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VERITAS and AGIS: Atmospheric Cherenkov Telescopes for Very High Energy Gamma-Ray Astrophysics

Abstract: Imaging atmospheric Cherenkov telescope arrays have proven to be the most sensitive method to detect astrophysical sources of gamma-rays at energies above several 100 GeV. These detectors provide effective areas 4 to 5 orders of magnitude larger than satellite experiments, with excellent gamma-hadron separation, angular resolution better than 0.1 deg, and 15=20% energy resolution. Present experiments such as HESS, MAGIC and VERITAS have already detected ~70 sources with key discoveries including: resolved images of supernova remnants, evidence for hadronic interactions in molecular clouds, variable emission from X-ray binaries, minute-scale variability from active galaxies, detection of extragalactic objects out to redshifts of 0.4, and the discovery of a new class of otherwise dark, unidentified sources in our own galaxy. AGIS, a proposed array of ~50 ACTs covering an area of ~1km^2 could result in a dramatic improvement in sensitivity. This instrument has the potential to have a major impact on both astrophysics and fundamental physics, for example, providing the sensitivity to detect dark-matter annihilation from extragalactic sources or galactic substructure even for generic parameters. Here I discuss the science drivers, technological developments for the current experiments, and new technology that will be employed for AGIS including novel approaches for the focal plane detectors, new electronics designs and new wide-field optical designs. I also discuss Monte Carlo studies of array configuration, and expected performance as well as the impact on key scientific topics.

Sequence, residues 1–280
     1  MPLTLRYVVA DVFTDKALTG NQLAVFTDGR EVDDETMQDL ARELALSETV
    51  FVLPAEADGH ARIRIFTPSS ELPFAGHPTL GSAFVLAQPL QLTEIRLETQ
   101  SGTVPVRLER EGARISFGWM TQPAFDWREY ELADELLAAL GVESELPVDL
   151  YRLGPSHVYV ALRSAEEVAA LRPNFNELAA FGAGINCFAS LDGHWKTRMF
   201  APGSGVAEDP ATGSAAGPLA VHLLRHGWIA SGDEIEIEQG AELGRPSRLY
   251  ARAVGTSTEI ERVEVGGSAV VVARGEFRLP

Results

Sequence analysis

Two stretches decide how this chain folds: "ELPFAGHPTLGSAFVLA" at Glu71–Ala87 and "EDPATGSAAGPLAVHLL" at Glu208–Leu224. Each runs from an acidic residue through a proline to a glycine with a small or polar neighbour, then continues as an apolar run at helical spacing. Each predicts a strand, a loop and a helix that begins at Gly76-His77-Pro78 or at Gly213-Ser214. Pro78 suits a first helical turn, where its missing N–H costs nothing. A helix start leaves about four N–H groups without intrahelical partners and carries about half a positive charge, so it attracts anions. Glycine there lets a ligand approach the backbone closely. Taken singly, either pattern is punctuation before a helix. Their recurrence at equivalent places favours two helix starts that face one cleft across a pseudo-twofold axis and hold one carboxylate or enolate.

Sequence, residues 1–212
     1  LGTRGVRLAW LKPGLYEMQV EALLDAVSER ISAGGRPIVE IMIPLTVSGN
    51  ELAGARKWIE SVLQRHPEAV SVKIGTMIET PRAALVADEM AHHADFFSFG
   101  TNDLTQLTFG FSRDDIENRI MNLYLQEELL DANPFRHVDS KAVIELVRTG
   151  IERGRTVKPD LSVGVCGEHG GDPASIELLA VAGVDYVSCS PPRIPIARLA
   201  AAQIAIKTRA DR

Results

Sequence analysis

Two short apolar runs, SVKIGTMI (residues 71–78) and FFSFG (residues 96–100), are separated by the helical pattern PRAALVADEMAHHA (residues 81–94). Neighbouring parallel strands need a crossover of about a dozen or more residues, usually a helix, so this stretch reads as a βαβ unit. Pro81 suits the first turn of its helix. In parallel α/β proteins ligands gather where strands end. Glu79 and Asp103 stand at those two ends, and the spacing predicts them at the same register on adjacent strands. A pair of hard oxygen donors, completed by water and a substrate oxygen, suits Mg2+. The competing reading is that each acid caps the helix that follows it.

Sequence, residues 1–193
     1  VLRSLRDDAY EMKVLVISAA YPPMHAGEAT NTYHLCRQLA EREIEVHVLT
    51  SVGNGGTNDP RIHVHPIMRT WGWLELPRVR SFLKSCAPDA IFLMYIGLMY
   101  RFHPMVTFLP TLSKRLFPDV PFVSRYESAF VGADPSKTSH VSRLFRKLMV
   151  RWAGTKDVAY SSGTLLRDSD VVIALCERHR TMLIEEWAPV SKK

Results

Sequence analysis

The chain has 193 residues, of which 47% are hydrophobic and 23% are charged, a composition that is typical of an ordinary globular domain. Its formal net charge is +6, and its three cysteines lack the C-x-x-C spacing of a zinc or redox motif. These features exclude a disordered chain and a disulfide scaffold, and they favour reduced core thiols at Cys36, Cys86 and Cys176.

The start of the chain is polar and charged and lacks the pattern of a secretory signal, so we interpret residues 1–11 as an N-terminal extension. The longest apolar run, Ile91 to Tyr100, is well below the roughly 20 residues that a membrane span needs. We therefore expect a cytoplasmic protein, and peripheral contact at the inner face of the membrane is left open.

Speaker: James Buckley - Washington University
Speaker Bio: James Buckley is Professor of Physics at Washington University where his research focuses on gamma-ray astronomy, indirect searches for dark matter as well as detector development including: MBE growth of AlGaN/InGaN photodetectors, optical design for astronomical telescopes, design of low-radioactive background detectors for direct dark matter detection and development of computer architectures for high-speed pipelined processing of large data sets. Buckley received his Ph.D. from the University of Chicago in 1992, and worked for the next 4 years on the Whipple Gamma-Ray experiment under Trevor Weekes, before moving on to a faculty position at Washington University. Prof. Buckley has been involved in VERITAS since its inception in 1996, and was responsible for the design and construction of the 2000 channel 500 MHz FADC system. Buckley has authored papers on a number of topics including multiwavelength studies of AGNs, phenomenological modeling of AGN emission, gamma-ray burst remnants in our galaxy, and prospects for gamma-ray detection of dark matter.
Poster Link: Poster